Major reasons why students struggle in online courses
School appears different during the COVID-19 pandemic, whether you call it remote learning, online learning, or distance learning. While some students seem to enjoy this method of learning, others do not appear to be interested. Some kids might not show up at all. Others may be there, but they aren't submitting work or going above and beyond the minimal minimum. So, what's keeping your pupils from participating?
According to research, pupils who are truly engaged persevere in the face of adversity. Students that are engaged are attentive and curious. Whether in a physical or virtual classroom, kids find meaning in what they're learning. Here are some possible reasons why students tend to struggle in online courses.
Students’ life circumstances have changed:
Students’ lives may have altered dramatically since schools closed due to a pandemic, economic collapse, or societal turmoil. Many families are facing financial difficulties, illness, loss, homelessness, and/or food insecurity. They could also be at risk in other ways. Students may no longer have access to the internet, a gadget to utilize, or a learning area. Some students may be unable to meet at certain times. Others may have a lot going on in the background that they're attempting to hide or filter out from the rest of the class.
When you're in the middle of a virtual classroom session, distractions are inevitable. A delivery or something as simple as a puppy running into the home office can cause havoc for everyone involved. Time management becomes more difficult as a result of these distractions – and maybe having more duties. Because it is entirely dependent on self-motivation, having a time management system is possibly the most difficult hurdle for students to conquer. Students must take their education seriously, learn to manage their time, create a daily program, and study despite numerous distractions.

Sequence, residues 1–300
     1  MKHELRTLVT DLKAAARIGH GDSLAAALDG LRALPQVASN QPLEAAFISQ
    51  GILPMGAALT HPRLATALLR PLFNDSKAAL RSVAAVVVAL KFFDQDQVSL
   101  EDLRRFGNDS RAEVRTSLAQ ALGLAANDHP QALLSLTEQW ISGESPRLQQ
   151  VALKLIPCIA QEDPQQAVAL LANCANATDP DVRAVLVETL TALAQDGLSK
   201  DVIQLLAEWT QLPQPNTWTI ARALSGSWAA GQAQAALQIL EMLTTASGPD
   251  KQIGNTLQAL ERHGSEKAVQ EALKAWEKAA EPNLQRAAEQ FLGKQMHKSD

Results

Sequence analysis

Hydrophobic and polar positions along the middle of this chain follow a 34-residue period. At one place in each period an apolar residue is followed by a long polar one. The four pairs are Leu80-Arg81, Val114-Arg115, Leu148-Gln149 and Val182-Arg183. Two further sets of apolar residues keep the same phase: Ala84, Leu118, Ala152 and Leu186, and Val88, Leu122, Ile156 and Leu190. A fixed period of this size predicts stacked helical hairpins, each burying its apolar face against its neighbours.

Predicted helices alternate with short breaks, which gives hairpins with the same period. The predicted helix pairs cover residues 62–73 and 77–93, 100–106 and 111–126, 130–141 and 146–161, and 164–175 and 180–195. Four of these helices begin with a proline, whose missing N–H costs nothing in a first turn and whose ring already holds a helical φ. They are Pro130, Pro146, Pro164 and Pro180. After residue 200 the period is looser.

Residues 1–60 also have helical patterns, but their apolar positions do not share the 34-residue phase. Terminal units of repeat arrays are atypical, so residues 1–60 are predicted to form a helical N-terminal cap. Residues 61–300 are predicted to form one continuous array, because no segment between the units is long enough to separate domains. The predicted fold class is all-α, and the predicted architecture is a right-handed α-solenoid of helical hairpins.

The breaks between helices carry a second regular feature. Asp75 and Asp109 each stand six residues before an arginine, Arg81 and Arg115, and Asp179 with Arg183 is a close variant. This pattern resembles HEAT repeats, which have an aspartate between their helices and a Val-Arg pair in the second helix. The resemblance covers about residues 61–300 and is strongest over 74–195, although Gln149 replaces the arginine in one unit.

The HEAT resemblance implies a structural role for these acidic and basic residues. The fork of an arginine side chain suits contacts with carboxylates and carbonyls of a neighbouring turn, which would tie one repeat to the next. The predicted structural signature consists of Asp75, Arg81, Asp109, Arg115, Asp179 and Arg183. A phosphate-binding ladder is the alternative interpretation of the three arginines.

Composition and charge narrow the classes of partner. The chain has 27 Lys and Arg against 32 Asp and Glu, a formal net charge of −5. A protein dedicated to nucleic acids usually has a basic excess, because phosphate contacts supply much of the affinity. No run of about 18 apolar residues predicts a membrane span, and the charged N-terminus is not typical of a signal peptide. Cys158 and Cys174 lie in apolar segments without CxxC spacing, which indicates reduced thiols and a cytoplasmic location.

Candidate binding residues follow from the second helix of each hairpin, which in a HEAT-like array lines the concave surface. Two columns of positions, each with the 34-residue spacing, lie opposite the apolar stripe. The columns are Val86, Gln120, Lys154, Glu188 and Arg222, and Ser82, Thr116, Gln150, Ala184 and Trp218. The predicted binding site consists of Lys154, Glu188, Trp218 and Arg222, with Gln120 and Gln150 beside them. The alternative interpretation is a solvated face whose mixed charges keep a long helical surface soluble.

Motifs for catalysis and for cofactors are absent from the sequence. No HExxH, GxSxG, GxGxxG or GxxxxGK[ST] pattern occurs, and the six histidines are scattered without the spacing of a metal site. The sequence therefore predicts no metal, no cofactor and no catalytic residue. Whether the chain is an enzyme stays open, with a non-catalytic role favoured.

The course appeared to be too challenging or too easy, too time-consuming or too theoretical, all of these erroneous expectations can lead to frustration and dropouts
The easiest method to deal with this issue is to make sure that everyone knows everything there is to know about the course:
The course's subjects and lessons
Qualifications and experience of teachers
The required level of education
The amount of time students should devote to the course, broken down by module and assignment.
The course's goals and outcomes
Skills gained after completing each module and the course in full
This won't protect against students who don't read the course description and then drop out because they need something else, but it will at least give us the satisfaction of knowing we did our part.
Bugs and slowdowns in the eLearning platform do not encourage students to be more engaged. Instead, it may compel pupils to drop out of the class. Even if the online learning platform has never had any technical issues, the increased demand for online learning during the COVID-19 lockdown may negatively impact its performance. A quick rise in website traffic places a large burden on the servers, which might result in server outages and crashes. Another issue is the loss of speed for users who are far away from the servers.